Trending February 2024 # Iconoid Helps You Better Manage Your Windows Desktop Icons # Suggested March 2024 # Top 7 Popular

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Decluttering is important, be it your room or your desktop. A clean and tidy desktop is not just pleasing to the eyes, but it also increases your productivity. It is always easier to find things on a clean desktop than on one cluttered with numerous useless icons. While working, we don’t realize that we are saving the files and folders on the desktop; as a matter of fact, we intentionally save our important files and folders on the desktop for easy access. But, at the end of the day, what we have is a messy and disorganized desktop with numerous icons.

While you can always delete the useless icon or clean the Windows desktop clutter manually, there are some good and useful third-party free apps available for the same. Iconoid is one such application that helps you clean your desktop and handle it better.

Iconoid – Manage Desktop Icons

Iconoid is a very lightweight simple application that takes less than a minute to land on your PC. With a quick and short installation wizard, the application gets installed and is ready to use. At first instance, you might find the interface a bit confusing, and you might take some time to figure out the features, but it is very easy once you check it properly.

Iconoid Features

In short, Iconoid is a desktop icon manager that lets you:

Save and restore icon positions

Remove or color icon text background

Select any color for icon text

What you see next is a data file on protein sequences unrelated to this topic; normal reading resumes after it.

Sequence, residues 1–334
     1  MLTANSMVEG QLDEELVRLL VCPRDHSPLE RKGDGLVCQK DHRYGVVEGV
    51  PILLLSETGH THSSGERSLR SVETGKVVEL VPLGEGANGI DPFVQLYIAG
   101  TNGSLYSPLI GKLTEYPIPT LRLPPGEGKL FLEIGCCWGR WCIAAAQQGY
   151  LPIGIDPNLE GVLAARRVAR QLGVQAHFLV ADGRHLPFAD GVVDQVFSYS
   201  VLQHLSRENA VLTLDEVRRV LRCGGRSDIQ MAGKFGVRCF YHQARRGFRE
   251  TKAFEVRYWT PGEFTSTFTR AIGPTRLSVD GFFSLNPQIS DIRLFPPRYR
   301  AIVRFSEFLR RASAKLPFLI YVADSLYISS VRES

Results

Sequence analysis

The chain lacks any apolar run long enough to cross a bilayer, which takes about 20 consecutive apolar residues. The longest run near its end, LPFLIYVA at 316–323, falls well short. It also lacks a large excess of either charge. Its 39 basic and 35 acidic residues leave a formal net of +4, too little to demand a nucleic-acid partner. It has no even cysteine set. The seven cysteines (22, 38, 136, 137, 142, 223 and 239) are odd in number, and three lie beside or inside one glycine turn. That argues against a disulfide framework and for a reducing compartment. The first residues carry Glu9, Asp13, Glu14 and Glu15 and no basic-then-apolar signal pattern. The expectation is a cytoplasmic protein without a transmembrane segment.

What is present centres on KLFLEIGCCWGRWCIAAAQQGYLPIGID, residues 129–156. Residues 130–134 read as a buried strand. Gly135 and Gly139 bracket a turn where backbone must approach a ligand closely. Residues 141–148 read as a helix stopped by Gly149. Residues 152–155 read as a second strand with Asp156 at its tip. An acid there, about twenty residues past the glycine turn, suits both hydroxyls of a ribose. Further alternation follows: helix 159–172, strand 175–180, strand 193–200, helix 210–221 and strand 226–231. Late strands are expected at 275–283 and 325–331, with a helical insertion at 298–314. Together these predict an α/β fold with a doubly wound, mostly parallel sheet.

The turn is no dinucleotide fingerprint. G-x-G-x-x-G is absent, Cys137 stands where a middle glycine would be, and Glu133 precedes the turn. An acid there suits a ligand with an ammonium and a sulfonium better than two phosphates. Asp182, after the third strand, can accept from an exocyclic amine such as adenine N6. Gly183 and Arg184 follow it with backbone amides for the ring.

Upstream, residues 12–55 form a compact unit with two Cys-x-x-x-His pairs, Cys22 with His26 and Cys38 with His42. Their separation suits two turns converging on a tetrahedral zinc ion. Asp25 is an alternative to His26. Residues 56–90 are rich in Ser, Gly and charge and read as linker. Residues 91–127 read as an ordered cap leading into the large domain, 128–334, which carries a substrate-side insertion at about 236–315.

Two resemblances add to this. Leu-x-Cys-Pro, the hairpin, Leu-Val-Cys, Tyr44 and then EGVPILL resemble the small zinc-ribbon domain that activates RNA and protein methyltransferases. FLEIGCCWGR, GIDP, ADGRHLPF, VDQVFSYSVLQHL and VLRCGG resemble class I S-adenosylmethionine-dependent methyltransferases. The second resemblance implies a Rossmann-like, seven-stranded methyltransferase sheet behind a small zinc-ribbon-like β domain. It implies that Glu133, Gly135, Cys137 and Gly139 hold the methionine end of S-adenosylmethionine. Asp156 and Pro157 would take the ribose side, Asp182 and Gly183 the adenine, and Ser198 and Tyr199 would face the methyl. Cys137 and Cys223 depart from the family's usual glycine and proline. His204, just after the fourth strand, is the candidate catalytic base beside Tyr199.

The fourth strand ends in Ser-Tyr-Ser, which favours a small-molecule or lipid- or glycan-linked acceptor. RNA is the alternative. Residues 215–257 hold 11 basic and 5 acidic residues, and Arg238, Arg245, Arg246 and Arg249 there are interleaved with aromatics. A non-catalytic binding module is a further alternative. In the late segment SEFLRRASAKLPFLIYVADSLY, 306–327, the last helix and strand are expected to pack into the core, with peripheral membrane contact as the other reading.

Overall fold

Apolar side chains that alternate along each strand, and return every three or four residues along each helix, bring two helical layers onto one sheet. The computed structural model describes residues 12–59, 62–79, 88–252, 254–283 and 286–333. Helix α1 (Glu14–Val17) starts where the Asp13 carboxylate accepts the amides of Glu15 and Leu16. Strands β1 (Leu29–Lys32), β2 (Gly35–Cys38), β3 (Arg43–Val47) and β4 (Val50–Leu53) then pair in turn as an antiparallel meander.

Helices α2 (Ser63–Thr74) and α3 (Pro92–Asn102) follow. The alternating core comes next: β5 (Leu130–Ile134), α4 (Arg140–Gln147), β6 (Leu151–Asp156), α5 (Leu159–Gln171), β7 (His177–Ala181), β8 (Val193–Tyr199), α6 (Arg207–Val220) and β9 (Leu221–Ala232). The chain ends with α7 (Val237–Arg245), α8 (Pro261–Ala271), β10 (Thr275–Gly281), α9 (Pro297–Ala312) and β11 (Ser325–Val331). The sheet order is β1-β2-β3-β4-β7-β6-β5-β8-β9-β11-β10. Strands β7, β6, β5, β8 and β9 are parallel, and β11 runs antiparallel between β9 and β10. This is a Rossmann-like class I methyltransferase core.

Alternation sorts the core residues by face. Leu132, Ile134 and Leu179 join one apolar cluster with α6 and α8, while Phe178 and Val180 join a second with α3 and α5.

Automatically hide icons.

Hide the icons

Icon Background

Desktop

Tray

The Tray tab is of course for the system tray options. You can adjust the tray icon settings where you can show or hide the tray icon, change the background options, adjust the icon positions and more. There is another option of Do the icon Dance, but it somehow didn’t work for me, so I am not very clear about what it is.

Iconoid Options

The Options tab lets you decide whether to start Iconoid with Windows or now, to display the tools tips or not, enable window fading, etc. There is also an option of selecting the Hot Keys, exporting and importing the settings which mean to save your settings on your PC as registry files.

Other settings include the separate icon positioning, use of relative positions, special placements for icons, integrating the Iconoid app to Explorer, etc.

Overall, it is a simple, lightweight application that works quickly. Any settings you apply take effect immediately. The application hardly puts any load on your system memory or the CPU. I didn’t face any crashes while testing the application, and nor did it hang. So, if you want to get more control over your desktop icons, you can download the application here. The application works on Windows 11/10 too.

DesktopOK lets you save, restore, lock desktop icons position and layout

D-Color is another tool you can use to save the current icon layout, restore earlier icon layout and more